Autism: An Introduction to Psychological Theory by Francesca Happé
By Francesca Happé
This identify is meant for complex undergraduate and masters point scholars in psychology; expert medical, developmental and academic psychologists; common practitioners and others with a unique curiosity in childrens; careworkers; and fogeys of autistic teenagers.
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Extra info for Autism: An Introduction to Psychological Theory
Chapter 6 considers the advantages and drawbacks of some alternative psychological theories of autism. Are autistic individuals just like 3-year-olds? False belief tasks, such as the Sally-Ann test, have become important in the study of autism. However, such tasks are also used with normally developing children, to explore the development of social understanding in the preschool years. From Wimmer & Perner (1983) onwards, most researchers have found that it is not until the age of 4 years that the normally developing child passes standard false belief tasks.
In addition, as mentioned in Chapter 5, theories of autism must steer a course between explaining too little—in effect merely describing features—and explaining too much. People with autism show a strikingly uneven profile of abilities, and show islets of unimpaired or even superior skills which require explanation just as much as do the striking handicaps. The challenge then is to propose a psychological deficit significant 46 DOES FAILURE REFLECT INABILITY TO MENTALIZE? enough to cause the severe impairments of autism, and specific enough to allow areas of preserved functioning.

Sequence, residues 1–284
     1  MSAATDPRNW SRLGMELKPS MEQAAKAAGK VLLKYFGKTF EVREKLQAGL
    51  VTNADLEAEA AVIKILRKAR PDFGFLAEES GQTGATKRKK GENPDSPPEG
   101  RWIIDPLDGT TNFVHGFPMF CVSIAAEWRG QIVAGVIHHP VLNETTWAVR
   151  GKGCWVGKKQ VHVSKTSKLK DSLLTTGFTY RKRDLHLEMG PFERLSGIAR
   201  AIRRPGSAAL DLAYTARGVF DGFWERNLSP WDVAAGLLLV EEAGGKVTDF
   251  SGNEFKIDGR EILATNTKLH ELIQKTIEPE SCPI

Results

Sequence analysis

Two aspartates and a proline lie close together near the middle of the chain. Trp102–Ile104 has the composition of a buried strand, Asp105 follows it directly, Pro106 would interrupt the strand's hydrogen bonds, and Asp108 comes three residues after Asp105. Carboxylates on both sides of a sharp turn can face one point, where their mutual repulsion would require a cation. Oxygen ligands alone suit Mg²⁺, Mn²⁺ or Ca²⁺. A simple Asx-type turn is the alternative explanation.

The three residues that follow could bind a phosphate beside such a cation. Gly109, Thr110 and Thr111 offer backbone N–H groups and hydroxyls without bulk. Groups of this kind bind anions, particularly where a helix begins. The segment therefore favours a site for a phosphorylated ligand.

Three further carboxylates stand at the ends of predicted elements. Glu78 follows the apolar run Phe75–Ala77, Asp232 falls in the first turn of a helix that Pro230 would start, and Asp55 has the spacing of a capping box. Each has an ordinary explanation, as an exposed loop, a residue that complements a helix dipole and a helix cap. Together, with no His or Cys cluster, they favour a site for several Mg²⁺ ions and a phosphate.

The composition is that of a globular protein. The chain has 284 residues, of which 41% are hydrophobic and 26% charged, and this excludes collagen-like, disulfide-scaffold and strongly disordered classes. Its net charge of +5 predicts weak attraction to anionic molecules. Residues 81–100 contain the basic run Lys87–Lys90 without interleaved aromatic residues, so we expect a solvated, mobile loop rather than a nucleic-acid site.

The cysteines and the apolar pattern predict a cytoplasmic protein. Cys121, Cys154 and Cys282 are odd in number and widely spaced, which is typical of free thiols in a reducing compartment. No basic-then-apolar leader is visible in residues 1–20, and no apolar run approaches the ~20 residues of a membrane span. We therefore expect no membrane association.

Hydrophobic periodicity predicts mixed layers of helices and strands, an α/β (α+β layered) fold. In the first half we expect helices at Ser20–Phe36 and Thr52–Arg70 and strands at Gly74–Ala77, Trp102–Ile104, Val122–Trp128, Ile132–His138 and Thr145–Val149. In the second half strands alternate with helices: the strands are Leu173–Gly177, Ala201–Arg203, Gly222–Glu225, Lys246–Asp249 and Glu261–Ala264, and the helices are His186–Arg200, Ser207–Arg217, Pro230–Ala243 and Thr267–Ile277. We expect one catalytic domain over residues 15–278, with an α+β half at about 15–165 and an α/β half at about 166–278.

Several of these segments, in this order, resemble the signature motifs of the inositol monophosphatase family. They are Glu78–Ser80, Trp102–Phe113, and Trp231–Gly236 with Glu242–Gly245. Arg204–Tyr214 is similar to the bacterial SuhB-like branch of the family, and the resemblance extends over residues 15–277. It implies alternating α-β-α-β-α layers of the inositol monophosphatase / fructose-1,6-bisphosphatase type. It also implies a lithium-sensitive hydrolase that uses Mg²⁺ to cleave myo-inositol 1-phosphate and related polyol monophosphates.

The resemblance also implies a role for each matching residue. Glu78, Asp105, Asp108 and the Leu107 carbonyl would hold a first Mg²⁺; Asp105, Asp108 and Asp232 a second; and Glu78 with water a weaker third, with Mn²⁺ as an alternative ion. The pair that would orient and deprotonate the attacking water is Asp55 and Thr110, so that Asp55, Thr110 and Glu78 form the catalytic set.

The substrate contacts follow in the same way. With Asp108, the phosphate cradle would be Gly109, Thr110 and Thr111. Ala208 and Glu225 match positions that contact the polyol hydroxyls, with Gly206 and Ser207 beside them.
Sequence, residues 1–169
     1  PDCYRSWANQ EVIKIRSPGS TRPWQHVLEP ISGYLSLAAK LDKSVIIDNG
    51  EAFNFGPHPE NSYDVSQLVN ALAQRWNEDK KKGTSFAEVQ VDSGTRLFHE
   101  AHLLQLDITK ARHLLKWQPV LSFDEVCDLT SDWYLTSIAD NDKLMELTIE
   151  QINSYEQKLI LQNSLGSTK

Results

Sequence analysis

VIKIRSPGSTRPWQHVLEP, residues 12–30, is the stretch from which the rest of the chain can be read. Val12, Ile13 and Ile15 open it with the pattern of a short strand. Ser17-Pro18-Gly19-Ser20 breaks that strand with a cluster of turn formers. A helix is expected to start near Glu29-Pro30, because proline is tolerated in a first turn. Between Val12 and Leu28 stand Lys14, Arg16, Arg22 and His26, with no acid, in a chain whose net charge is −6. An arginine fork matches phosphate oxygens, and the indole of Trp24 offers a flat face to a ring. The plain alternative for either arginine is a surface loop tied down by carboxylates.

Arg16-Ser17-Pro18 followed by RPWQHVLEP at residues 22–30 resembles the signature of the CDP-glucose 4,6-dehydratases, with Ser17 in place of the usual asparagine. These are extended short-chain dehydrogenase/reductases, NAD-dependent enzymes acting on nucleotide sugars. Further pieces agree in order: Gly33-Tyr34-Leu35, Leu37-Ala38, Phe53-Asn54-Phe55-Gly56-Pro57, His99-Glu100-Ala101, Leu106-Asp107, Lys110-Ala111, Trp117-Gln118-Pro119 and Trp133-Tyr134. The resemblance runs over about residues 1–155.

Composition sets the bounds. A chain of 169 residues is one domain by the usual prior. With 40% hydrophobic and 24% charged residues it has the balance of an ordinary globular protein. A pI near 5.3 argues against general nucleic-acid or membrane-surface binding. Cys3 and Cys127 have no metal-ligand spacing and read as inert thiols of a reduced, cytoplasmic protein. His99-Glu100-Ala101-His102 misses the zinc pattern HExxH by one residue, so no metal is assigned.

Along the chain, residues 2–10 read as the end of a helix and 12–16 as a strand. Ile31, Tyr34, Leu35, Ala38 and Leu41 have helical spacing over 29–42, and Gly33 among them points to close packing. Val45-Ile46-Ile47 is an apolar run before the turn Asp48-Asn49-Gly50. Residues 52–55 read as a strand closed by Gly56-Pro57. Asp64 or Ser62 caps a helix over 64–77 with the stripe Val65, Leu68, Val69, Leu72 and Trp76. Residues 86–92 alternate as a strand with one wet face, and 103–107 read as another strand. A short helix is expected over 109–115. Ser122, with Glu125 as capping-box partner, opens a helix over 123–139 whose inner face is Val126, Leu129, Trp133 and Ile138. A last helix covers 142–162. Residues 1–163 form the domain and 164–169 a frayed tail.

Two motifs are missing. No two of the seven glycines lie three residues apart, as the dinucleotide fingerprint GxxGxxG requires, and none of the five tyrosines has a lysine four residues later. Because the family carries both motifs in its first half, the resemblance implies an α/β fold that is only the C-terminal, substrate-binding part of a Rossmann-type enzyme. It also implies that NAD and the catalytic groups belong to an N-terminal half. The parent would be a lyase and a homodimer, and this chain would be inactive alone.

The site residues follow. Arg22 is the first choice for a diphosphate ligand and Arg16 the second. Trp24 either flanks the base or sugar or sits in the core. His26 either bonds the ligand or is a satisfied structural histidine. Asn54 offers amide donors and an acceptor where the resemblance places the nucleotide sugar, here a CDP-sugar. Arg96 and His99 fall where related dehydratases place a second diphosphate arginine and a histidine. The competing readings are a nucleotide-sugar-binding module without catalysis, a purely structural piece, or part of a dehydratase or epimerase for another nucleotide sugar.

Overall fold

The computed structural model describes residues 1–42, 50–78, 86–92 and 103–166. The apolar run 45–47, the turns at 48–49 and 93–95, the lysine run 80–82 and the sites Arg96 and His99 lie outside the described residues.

Nor is it clear why a failure to disengage from the object should lead to incorrect response in the “true belief” task of 48 DOES FAILURE REFLECT INABILITY TO MENTALIZE? Leslie & Frith (1988), where the child is required to point to one of the actual locations of the object(s). Recent studies by Leekam & Perner (1991), Leslie & Thaiss (1992) and Charman & Baron-Cohen (1992), discussed in Chapter 5, show that children with autism are not impaired at answering questions about a non-current state of the world—as portrayed in a now-out-of-date photograph or drawing.